This single case study reports on the establishment of a multidisciplinary day care surgery at a Norwegian University Hospital utilising participating action research design principles drawn from sociotechnical theory. Data was collected through mixed methods including stakeholder analysis, document studies, observations of meetings, semi-structured interviews and participating group methods. The senior management at the hospital had decided to implement a department that diverged from organising around professional disciplines, and this decision evoked strong resistance among several professional groups in the first phases of this project. This case follows the implications of the decision to establish a multidisciplinary day care surgery through re-organising location, staff and management structures. The findings suggest that the hospital achieved the vision of creating an efficient multidisciplinary work environment, reducing the culture of tribalism between professions, and creating a work environment with a high degree of knowledge transfer. This case describes how action research can be used to reduce organisational silos and to improve multidisciplinary co-operation. Keywords: Action research, Day care surgery, Hospital organisation, Organisational change, Sociotechnical design, Inter-professional teams, Patient-based organisation
» Buy Single Contribution (Budrich Journals) / Einzelbeitrag kaufen (Budrich Journals)

The learning web in the systematisation of experiences: An analysis of research processes with Artisan women (Aline Lemos da Cunha Della Libera, Edla Eggert)
This article discusses aspects of a dialogue with artisan women during the production of their handicrafts. Our dialogical proposition builds on participant research studies conducted in Brazil since the 1960’s, to which feminist studies are added and mixed here. The article integrates two groups of female artisans who produced pieces, and simultaneously talked about their craft production processes and their daily experiences. We analyse the broad spectrum of accounts that emerges at the meetings, and the power of self-perception arising from the places of collective speech and listening. We conclude that the alternatives found for systematising the recorded findings provoked new reflections and the recognition, in scale, of other directions and derivations of research practice with poorly educated adult women. Keywords: participant research, systematization, artisan women, simultaneity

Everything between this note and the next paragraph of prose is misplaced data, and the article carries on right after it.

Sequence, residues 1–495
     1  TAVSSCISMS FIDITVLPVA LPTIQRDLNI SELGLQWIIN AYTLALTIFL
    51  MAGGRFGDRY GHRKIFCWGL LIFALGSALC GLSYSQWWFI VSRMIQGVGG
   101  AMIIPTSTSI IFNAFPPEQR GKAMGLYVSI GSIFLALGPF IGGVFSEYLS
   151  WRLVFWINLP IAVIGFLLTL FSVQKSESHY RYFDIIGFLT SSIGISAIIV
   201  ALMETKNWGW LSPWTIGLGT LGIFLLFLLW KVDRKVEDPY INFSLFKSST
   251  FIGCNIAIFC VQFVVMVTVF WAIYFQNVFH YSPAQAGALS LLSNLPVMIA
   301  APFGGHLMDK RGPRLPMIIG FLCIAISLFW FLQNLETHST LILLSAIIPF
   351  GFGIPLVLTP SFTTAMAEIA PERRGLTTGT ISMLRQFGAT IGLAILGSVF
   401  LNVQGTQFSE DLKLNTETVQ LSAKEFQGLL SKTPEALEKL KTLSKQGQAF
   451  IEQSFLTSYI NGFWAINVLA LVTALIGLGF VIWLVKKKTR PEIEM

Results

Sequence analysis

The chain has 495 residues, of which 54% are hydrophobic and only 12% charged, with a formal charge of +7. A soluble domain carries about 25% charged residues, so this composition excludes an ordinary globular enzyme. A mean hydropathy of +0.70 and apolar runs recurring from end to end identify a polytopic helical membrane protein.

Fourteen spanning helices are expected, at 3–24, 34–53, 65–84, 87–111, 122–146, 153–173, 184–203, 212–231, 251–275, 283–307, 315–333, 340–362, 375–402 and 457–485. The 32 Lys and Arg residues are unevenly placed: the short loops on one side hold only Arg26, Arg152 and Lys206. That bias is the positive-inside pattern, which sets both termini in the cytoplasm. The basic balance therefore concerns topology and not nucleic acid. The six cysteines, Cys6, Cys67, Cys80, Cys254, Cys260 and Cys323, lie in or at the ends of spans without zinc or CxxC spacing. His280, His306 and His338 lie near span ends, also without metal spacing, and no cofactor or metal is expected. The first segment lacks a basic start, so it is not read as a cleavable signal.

» Buy Single Contribution (Budrich Journals) / Einzelbeitrag kaufen (Budrich Journals)

Second language teachers’ reasons for doing/not doing action research in their classrooms (Vahid Rahmani Doqaruni, Behzad Ghonsooly, Reza Pishghadam)
This study aims to explore the extent to which Iranian teachers do research, and their reasons for doing so in the English as a foreign language context, with a special emphasis on action research (AR). The present study used a mixed methods design, i.e. questionnaire and interview, to gain a richer understanding of the teachers’ reasons for doing AR. The participants were 65 English teachers from 5 private English language teaching institutions. Despite the fact that many teachers in the present study considered AR useful in solving their immediate teaching problems and improving their teaching practices, the analysis of the teachers’ reasons showed that there are serious barriers in the way of conducting AR which are in nature practical (lack of time), logistic (not having enough knowledge and support), and attitudinal (teachers believe that their job is only to teach). Keywords: teacher research engagement, teachers’ reasons, action research, mixed methods design, questionnaire, interview
» Buy Single Contribution (Budrich Journals) / Einzelbeitrag kaufen (Budrich Journals)